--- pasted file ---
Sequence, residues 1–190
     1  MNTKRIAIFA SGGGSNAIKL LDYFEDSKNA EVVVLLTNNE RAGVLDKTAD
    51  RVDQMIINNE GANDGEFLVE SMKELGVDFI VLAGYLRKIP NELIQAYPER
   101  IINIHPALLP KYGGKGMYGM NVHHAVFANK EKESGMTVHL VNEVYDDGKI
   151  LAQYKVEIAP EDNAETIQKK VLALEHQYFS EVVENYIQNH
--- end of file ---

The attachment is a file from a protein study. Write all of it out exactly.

Sequence, residues 1–190
     1  MNTKRIAIFA SGGGSNAIKL LDYFEDSKNA EVVVLLTNNE RAGVLDKTAD
    51  RVDQMIINNE GANDGEFLVE SMKELGVDFI VLAGYLRKIP NELIQAYPER
   101  IINIHPALLP KYGGKGMYGM NVHHAVFANK EKESGMTVHL VNEVYDDGKI
   151  LAQYKVEIAP EDNAETIQKK VLALEHQYFS EVVENYIQNH